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Column: March Madness is all about moments, and Duke men's basketball has stepped up so far

<p>Trevor Keels' triple, a shot that tied the late game, was just one of many clutch moments by Duke against Michigan State.</p>

Trevor Keels' triple, a shot that tied the late game, was just one of many clutch moments by Duke against Michigan State.

GREENVILLE, S.C.—With five minutes left in the game and Michigan State ahead 70-65, reality finally began to set in.

This really could be Mike Krzyzewski’s final contest as a head coach. It could all end right here.

There was still plenty of time remaining, of course, but we had seen this story before. The score remained tight all game, but down the stretch Duke was beginning to unravel. It happened against North Carolina in Krzyzewski’s infamous final game at Cameron, it happened against Virginia Tech in the ACC tournament final and it was happening here in the NCAA tournament.

You could feel the tension in Bon Secours Wellness Arena. It was a majority Duke crowd just four hours south of Durham, but the noise from the Spartan minority started to dominate. Even when the Blue Devils were on defense, a sense of nervousness took over rather than the typical jumping and screaming from the Duke contingent. The Blue Devils were in a hole, and a lot of people probably didn’t think they had it in them to dig themselves out.

Well, they answered the bell.

Duke went on a 20-6 run to end the game, finally playing like the team everyone knows it can be—including Krzyzewski.

“I thought when we got down—we were young for a while there, and I was wondering if we were going to stay young…. But my guys were so tough in those last six minutes of the game…. I'm incredibly proud of my guys,” Krzyzewski said in an emotional press conference, visibly tearing up along the way while turning to his players. “This is—you guys were terrific, man. I'm really proud to be your coach.”

Just calling those final five minutes a 20-6 run, however, ignores everything about why those minutes were so important, and why Krzyzewski was tearing up postgame. In the “Moments of Madness” video I referenced in my column last week, Kryzewski calls the NCAA tournament “a tournament of moments.”

“All these games mean something,” he goes on. “You become 0-0, and now who are you? Who are you for this moment?”

In that column, I said we were about to answer those very questions. So much of college basketball—and really sports in general—is about being ready for that moment your team needs you. It’s about not being afraid of the moment, or letting it overwhelm you, and instead facing it head-on. It’s about performing in that moment and making it a memorable one, a moment that’ll grace highlight videos—such as the aforementioned “Moments of Madness” video—for years to come.

And on Sunday, that’s exactly what these Blue Devils did. It wasn’t just a 20-6 run to close out the game. It was a 20-6 run filled with a series of moments in which Duke’s young stars stepped up and made plays, a series of moments that the Blue Devils turned into highlights that very well could end up going down in history.

Down 72-69 with 3:26 remaining, Trevor Keels pulled up from the top of the key. He hadn’t hit a three in four games, but it didn’t matter. Splash.

A minute later, Michigan State guard AJ Hoggard drove inside with a chance to extend the Spartans’ lead to three. But Mark Williams swatted the layup attempt and then snatched the rebound himself. He passed the ball off to Paolo Banchero, who took it coast to coast and laid it in off a swift euro-step to give Duke a slim 75-74 edge.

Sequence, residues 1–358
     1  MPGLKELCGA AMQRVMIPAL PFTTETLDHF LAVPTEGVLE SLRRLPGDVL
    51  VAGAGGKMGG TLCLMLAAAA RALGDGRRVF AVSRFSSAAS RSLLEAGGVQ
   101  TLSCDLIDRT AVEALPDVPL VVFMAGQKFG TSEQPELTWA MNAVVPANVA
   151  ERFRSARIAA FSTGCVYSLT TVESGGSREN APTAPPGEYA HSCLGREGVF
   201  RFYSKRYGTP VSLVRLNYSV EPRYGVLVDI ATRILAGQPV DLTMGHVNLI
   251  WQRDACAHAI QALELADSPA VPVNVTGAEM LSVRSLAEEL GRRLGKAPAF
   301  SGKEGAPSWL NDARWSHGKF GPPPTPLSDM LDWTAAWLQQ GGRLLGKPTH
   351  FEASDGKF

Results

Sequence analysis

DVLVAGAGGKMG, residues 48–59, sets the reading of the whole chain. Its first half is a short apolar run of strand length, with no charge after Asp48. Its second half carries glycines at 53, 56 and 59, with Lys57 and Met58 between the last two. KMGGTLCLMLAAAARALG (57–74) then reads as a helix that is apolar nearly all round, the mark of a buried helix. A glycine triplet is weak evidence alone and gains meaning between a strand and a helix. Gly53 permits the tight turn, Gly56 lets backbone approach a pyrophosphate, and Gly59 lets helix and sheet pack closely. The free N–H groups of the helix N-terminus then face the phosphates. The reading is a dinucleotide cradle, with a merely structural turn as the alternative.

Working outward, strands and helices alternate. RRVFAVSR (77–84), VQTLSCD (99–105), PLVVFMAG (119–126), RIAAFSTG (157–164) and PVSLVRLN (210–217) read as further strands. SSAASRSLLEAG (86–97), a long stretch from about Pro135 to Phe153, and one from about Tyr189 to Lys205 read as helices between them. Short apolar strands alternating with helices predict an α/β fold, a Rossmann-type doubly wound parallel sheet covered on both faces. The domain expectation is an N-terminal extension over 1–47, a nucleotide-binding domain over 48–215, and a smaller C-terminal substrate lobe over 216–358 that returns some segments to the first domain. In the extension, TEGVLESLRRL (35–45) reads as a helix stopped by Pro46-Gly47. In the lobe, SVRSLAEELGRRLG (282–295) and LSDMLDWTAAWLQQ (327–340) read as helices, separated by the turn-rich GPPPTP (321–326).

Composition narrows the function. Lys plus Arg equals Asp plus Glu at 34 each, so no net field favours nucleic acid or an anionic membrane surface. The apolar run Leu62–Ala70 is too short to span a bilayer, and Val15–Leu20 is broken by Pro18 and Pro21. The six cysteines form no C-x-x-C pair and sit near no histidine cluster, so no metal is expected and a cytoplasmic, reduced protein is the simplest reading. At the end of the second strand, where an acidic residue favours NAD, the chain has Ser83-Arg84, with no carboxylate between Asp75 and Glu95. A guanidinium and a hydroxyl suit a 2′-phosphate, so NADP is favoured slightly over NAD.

But perhaps the biggest moment, the one that’ll really get remembered, came with just over a minute remaining. With the Blue Devils still up just a point and the shot clock winding down, Wendell Moore Jr. passed cross-court to Jeremy Roach. The sophomore point guard has had an up-and-down year shooting the basketball, but in that moment it didn’t matter—he calmly pulled up from deep. Nothing but net.

CBS Sports' Seth Davis said the shot brought back memories of Bobby Hurley’s three against UNLV in 1991. I personally thought it was reminiscent of Tyus Jones throughout the entirety of the Blue Devils' 2014-15 championship season. In any case, Roach stepped up in the moment Duke needed him to, and the Blue Devils came out with the win. On the ensuing Michigan State possession, Moore came up with the steal—another key moment—and hit two free throws to ice it. 

However, it’s just one win.

Stepping up in big moments is how you win an NCAA tournament game. But like Krzyzewski said Friday, “in order to win something big, you gotta win NCAA games.” 

There were some great moments from down the stretch of Sunday’s win, but if Keels, Williams, Banchero, Roach, Moore and company want them to become moments that will be remembered forever—moments that can make their way to NCAA tournament highlight videos like the one in the Duke Basketball Museum & Hall of Fame—they have to repeat the feat.

The Blue Devils have proven this year that they have what it takes to step up to the moment. They did it in November against Kentucky and Gonzaga, and—while a lot of people didn’t think they had it in them anymore—they did it again against Michigan State.

But now comes the tough part—doing it multiple times in a row, against the best teams in the country and under the brightest lights the sport has to offer. I said last week that we were about to find out what this team is truly made of. This past week, we found out a lot. 

This upcoming week, though, we’re about to learn even more.


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